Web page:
When markets are down, you don’t want to look at your 401(k) statement. But with a potential “lost decade” of stock returns looming, you have to at least take a peek, because it’s time to get real about your ability to afford retirement.
Economists often point to the fact that stock markets always eventually go up, but there are times where returns are down or flat. Those periods can last a while, even a decade, as they did from 2000 to 2013.
Your assumptions may be woefully inadequate if the numbers you used to figure out how much you’d eventually need are any older than six months. Even if it hurts, you need to jump online and run the numbers again using a calculator — or consult a financial professional.
3 key numbers to update
The way most people save for retirement is to first come up with a big, round amount that they’ll need, like $1 million, and then calculate backwards to see how much to save today to get there. That entails a few key pieces of information. On the one hand are the big imponderables that are specific to you, such as when you will retire, how long you will live and how much you’ll spend. Then there are the factors you can’t control: how much will your investments grow, what’s the rate of inflation and how much Social Security will pay out.
If you use a retirement calculator, it’ll ask you for a combination of inputs. These are the three key ones that you need to change.
1. Account balance
This will be a reality check, with the S&P 500
down 24% year-to-date through Tuesday. But maybe it’s not as bad as you think. If you have some bonds
or some cash in your accounts, you might not be down as much as Dow Jones Industrial Average
or other major index.
Depending on how much you have saved, you might be surprised that the dollar amount is not that huge.
But you won’t get an accurate take on your future if you don’t start with what this number is today, rather than what that account used to be or what you think it should be.
2. Average rate of return
If you’ve been basing your retirement projections on 7% average returns or some number higher than that for your total portfolio, “I wouldn’t say you’re downright crazy, but, statistically, you’re looking at the top quartile of expected returns,” says Amit Sinha, head of multi-asset design at Voya Investment Management.
He says 5% is closer to reality. That’ll change your numbers, even over relatively short time periods. Say you are 55 and have $100,000 saved for retirement now. The difference over 10 years between those two assumptions is around $34,000.
If you draw that out for a 25-year-old, the difference over 40 years could be nearly $800,000, though perhaps expected returns will eventually reset higher.
For now, experts like Sinha at Voya are calculating their assumptions toward the lower end. “If you look at a balanced portfolio, your fixed income is in the 4 to 6% range; equities are 5 to 7%,” he says.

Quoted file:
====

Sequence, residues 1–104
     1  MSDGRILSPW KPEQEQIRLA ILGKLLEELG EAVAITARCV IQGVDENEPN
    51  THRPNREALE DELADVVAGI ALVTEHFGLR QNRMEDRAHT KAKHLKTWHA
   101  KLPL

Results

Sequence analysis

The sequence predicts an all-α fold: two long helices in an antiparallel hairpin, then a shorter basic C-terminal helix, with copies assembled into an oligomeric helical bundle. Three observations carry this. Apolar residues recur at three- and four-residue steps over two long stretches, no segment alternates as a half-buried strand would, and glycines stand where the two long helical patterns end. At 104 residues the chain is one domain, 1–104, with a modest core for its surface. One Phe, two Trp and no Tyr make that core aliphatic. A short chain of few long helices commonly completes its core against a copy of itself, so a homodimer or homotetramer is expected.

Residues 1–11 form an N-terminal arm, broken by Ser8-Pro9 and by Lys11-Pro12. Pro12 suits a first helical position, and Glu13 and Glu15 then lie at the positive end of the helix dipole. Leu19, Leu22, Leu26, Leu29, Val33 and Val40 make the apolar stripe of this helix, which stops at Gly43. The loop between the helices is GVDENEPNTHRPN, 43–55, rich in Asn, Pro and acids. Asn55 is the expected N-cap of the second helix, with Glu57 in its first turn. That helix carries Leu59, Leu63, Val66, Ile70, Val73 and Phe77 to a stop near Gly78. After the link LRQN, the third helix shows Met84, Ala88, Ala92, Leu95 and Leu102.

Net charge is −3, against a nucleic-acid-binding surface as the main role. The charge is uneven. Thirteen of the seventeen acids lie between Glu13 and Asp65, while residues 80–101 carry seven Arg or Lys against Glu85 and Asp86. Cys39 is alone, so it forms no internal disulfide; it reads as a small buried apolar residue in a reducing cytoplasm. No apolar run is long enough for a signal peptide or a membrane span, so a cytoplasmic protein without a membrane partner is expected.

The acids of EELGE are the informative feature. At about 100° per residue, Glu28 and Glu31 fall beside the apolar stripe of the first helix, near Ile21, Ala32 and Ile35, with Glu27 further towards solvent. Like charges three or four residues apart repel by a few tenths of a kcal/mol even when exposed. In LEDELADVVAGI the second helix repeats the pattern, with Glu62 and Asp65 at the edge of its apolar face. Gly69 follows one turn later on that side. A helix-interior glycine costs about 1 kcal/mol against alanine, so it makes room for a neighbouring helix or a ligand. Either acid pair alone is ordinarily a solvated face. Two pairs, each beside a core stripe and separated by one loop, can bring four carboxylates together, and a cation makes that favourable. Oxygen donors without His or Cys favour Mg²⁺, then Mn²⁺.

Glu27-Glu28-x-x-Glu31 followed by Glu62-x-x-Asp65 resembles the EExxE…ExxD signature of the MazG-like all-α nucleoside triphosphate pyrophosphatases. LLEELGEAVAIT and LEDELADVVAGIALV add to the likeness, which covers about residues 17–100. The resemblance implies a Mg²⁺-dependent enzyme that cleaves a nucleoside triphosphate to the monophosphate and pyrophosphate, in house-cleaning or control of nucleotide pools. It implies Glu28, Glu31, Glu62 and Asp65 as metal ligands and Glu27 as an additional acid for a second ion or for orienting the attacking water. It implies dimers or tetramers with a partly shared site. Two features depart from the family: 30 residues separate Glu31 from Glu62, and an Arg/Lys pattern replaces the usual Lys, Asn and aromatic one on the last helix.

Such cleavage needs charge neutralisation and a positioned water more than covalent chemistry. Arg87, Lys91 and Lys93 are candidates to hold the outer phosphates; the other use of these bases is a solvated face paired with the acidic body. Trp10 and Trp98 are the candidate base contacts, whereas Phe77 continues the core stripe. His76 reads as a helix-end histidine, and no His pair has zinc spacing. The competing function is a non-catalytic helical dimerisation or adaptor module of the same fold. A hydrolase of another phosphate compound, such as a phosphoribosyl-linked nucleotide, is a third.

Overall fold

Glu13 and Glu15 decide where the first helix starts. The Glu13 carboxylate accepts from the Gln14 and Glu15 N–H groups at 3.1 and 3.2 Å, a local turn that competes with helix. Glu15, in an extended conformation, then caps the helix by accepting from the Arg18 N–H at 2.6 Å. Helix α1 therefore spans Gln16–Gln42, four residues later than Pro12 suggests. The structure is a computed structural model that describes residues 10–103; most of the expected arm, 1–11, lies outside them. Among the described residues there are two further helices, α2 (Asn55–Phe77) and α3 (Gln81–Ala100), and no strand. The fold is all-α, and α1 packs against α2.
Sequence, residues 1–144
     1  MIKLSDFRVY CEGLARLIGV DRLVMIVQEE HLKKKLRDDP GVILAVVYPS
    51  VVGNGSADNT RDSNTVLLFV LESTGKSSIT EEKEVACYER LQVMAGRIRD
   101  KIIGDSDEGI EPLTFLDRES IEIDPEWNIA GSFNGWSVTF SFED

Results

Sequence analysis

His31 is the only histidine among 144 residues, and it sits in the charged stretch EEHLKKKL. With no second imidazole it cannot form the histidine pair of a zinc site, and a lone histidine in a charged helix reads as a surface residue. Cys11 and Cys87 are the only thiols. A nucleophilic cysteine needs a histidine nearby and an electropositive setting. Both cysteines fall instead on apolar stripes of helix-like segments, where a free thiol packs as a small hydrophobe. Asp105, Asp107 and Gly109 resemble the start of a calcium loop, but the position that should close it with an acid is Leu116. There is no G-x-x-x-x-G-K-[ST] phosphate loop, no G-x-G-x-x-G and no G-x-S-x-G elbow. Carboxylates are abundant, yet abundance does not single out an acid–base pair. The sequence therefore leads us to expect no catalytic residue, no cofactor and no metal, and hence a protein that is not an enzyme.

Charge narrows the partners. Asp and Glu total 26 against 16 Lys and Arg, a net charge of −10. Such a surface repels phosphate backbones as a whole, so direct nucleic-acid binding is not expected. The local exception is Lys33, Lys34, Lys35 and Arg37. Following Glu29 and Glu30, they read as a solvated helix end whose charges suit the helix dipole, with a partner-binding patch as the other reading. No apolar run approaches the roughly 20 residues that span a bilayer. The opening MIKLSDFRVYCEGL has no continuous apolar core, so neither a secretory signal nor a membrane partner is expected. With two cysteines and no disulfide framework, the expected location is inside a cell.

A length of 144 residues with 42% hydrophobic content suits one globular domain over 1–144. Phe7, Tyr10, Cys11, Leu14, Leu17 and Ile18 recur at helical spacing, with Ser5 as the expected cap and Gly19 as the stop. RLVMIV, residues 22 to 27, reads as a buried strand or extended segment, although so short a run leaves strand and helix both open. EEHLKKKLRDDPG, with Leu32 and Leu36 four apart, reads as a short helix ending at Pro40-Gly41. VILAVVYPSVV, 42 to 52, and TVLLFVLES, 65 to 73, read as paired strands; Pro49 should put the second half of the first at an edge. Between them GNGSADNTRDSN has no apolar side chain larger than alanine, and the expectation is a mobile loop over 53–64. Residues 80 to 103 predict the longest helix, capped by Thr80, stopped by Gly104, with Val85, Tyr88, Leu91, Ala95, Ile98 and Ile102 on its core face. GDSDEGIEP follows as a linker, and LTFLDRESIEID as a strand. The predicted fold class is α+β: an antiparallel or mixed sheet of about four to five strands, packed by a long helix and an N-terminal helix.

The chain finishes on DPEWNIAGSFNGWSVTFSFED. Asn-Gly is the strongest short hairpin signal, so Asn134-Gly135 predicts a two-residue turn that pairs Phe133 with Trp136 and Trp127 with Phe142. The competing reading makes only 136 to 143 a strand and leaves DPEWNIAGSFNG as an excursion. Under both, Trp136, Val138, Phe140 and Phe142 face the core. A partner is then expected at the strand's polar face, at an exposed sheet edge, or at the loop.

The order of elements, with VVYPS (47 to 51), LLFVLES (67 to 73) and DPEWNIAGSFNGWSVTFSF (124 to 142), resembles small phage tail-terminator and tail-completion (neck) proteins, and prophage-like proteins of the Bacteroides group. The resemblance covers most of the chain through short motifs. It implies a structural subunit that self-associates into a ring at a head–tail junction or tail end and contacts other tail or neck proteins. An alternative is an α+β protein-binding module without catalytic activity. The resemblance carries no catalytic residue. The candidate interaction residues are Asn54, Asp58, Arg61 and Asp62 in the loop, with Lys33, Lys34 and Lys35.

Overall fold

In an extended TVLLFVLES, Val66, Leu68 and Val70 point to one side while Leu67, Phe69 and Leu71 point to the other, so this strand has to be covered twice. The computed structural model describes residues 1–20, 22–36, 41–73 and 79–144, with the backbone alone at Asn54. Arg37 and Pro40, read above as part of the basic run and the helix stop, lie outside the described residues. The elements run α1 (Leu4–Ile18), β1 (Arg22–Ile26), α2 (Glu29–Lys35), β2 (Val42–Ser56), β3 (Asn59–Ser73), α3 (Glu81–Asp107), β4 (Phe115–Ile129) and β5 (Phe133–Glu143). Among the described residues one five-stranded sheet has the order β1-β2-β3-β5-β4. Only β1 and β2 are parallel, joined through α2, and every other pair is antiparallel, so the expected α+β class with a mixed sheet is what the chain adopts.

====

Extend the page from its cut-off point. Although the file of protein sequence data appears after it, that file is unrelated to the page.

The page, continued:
But remember that’s an average, so half the time the returns will be higher and half the time lower, and what you’re looking for is an end number that will give you a high probability of not running out of money before you die. That means you need to look at the worst-case scenario and make sure that if returns bottom out, you’ll still have enough money.
More: How to turn $30,000 into millions: the power of time beats a lucky stock pick
Fed chairman Jerome Powell has set his goal for inflation at 2%. That is probably a little too rosy for planning your retirement scenarios right now, given that the headline rate is above 8%.
The good news: you don’t need to go that high for your projections. “Current inflation is not projected to really stick around, so 2.5% is reasonable long-term,” says Wade Pfau, a professor at the American College for Financial Services.
While this seems like a small difference, even a half-percent over the long term can eat into your returns. And that, in turn, makes a big impact on how much you can spend each month when you’re actually retired.
At current rates, the old standby of 4% being a safe withdrawal rate starts to look too high. “I’d generally say 3% is a more appropriate number in the current environment,” says Pfau.
Heed the alarm bells
Your new retirement number may be bleaker than you are used to, so get ready to act. “The shift we see right now requires a change,” says Sinha.
How you’re affected by this depends largely on your age and when you need to start cashing money out to cover your living expenses. You may need to save more, retire later or plan to have less later on. If you’re still working and your time horizon is longer than 10 years, the alarm bells don’t need to go off just yet. You want an accurate picture, but you’ve got time to keep saving and don’t have to change strategy.
But if you’re 55 or older? Sit up and take notice, because a lost decade would put you right on the cusp of retirement. And if you’re older? “It’s that window of 60-70 when what happens in the markets in those years will have the biggest impact,” Pfau says.
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